The implied allocation issue: Was MMI to be treated as having settled inwards claims (from culpable exposers) on the basis that each EL policy on risk was contributing a pro rata share of the loss being paid by MMI?

The good faith issue: If the answer to the implied allocation issue was ‘no’, was MMI’s presentation of its reinsurance claim contrary to its duty of utmost good faith or an implied contractual duty of good faith when presenting claims to reinsurers?

The recoupment and contribution issue: As per Question 2 above.

Flaux LJ’s reasoning in respect of the three issues was:

  • The implied allocation issue: There was no reason to treat allocation at the reinsurance level any differently to allocation at the insurance level: Barker did not apply.
  • The good faith issue: The duty of good faith was limited, in a claims context, to a duty not to act dishonestly in connection with the making of a claim. Given that Equitas was alleging no subjective bad faith on MMI’s part, there was no breach.
  • The recoupment and contribution issue: The ‘independent liability’ approach accorded with fundamental fairness (and it was the approach that had recommended itself to the market at least in relation to policy years after 1984, by reason of the standard Accident Circle Occupational Disease clause).

Equitas’ appeal

Equitas applied to the Court of Appeal for permission to appeal. It thus had to surmount the stringent requirements prescribed by section 69 of the Arbitration Act 1996.

Permission to appeal granted by the Court of Appeal

Lady Justice Gloster and Sir Jack Beatson were satisfied that the section 69 test was satisfied. Unsurprisingly, the Court considered that the issues raised were matters of general public importance. The Court went on to conclude that Flaux LJ’s answers to the Questions and his treatment of the three issues was “at least open to serious doubt”, thereby satisfying the balance of the test for the grant of permission to appeal.

Gloster LJ’s concerns with Flaux LJ’s analysis were expressed as follows:

  • The implied allocation issue: Gloster LJ considered that “there is a seriously arguable case” for treating the insurance and reinsurance positions differently. So, whilst Barker did not apply at the insurance level, it might well apply under the reinsurance programme.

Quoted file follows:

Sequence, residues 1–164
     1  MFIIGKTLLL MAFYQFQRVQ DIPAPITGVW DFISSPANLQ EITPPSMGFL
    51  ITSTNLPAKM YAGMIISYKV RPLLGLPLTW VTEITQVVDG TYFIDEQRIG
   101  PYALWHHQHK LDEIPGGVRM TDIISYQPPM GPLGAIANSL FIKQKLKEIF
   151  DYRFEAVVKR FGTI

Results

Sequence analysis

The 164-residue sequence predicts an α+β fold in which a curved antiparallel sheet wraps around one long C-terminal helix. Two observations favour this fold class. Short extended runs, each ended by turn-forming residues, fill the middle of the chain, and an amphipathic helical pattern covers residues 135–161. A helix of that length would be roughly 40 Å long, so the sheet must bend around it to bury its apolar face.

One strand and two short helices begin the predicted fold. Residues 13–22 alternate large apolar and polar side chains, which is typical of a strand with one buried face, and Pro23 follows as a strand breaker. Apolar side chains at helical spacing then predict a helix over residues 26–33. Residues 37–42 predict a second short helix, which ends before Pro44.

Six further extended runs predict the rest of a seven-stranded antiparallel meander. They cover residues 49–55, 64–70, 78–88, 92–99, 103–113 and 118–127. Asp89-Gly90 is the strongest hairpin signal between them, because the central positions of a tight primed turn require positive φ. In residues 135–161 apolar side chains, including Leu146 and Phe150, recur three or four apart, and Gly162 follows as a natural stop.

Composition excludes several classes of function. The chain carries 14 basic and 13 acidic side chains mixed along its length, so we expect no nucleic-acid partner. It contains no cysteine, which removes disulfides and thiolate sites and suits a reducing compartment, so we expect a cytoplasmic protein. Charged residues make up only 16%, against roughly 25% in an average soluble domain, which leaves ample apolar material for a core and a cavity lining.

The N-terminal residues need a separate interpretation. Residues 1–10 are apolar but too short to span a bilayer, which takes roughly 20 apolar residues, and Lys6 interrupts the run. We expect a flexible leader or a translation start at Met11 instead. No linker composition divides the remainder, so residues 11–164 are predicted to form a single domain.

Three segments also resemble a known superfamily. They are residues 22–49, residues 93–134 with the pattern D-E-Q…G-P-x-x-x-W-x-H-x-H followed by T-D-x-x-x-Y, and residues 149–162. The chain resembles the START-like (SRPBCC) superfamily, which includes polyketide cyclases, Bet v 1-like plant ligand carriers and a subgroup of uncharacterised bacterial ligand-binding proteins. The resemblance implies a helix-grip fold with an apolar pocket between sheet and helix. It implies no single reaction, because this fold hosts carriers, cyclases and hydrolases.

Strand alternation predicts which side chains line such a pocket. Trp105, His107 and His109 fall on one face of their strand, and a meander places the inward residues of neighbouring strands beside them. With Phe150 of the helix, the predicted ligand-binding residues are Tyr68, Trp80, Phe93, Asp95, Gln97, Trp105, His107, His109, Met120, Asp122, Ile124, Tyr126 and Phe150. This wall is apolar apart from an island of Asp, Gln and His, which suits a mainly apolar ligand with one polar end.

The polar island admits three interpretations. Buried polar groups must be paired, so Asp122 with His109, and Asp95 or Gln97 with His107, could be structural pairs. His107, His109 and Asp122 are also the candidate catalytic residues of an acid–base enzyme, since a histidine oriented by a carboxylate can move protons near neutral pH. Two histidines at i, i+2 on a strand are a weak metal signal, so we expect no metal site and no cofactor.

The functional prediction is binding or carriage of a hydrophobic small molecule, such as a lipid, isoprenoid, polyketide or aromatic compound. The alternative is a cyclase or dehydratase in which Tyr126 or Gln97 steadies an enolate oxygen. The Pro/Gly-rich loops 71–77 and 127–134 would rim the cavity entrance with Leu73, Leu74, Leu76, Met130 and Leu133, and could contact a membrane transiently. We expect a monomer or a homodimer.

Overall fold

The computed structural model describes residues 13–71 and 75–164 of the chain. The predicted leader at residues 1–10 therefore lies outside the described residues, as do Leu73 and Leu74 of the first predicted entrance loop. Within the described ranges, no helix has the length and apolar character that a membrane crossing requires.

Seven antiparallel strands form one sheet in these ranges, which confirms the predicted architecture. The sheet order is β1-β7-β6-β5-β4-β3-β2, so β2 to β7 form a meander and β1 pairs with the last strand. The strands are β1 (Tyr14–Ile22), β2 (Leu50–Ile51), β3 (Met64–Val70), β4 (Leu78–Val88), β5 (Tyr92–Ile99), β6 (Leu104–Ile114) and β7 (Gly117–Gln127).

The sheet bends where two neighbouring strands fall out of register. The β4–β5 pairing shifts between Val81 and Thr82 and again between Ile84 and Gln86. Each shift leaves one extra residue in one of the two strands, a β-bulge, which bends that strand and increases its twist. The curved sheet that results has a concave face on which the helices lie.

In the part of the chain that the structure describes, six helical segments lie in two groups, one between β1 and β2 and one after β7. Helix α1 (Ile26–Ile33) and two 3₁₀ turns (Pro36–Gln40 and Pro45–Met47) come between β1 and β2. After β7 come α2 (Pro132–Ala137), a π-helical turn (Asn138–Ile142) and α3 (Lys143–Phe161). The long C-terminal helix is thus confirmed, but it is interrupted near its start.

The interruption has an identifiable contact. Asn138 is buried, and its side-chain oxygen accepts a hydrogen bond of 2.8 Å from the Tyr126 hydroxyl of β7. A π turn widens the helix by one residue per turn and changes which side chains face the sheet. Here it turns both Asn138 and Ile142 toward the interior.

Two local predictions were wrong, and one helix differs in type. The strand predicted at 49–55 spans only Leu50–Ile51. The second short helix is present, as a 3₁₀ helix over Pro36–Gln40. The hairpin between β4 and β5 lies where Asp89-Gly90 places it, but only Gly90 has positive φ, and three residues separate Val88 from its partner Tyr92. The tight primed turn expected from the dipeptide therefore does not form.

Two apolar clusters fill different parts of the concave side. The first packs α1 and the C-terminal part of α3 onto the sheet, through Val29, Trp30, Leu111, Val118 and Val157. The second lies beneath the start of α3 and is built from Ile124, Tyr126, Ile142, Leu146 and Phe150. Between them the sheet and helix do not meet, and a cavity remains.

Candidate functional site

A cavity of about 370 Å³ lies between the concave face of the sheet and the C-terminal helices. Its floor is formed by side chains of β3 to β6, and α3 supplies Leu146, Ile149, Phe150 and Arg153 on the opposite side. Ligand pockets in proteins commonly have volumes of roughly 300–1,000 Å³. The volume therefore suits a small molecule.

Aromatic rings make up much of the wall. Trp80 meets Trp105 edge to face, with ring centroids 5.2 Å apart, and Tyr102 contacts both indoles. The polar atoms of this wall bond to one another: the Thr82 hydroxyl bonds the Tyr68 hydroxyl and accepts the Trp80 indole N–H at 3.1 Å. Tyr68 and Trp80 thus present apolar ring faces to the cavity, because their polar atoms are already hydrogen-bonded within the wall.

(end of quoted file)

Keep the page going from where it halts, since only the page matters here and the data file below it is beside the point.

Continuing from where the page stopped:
• The good faith issue: Gloster LJ suggested that, given “this unique reinsurance context”, it was well arguable that there was “some basis for a duty of good faith [upon insurers when presenting claims to their reinsurers] in order to restrain the manner of exercise of the freedom of choice” otherwise arising by reason of Fairchild and IEGL.
  • The recoupment and contribution issue: Gloster LJ referred to three potential problems with Flaux LJ’s determination on this issue. First, there is nothing in the existing authorities and specifically in IEGL, which assists on the issue of retentions. Second, when it comes to recoupment and contribution in insurance and reinsurance, “the position … is different within the Fairchild enclave”. Third, there is considerable force in Equitas’ submission that the higher layers of reinsurance in subsequent years should be made good first in any contribution and recoupment process, on the basis that they should always be furthest from the risk.


It is noteworthy that the Court of Appeal in Equitas v MMI invoked the uniqueness of the situation arising “within the Fairchild enclave” to justify the grant of permission. Similar sentiments may be found in all the cases in which the courts have struggled to rationalise the consequences arising from Fairchild, including Barker and IEGL.

It will be fascinating to see whether, as Gloster LJ mooted, overarching principles of fairness rather than entrenched principles of orthodox insurance law will come to Equitas’ aid and lead to a successful appeal.

Only time will tell!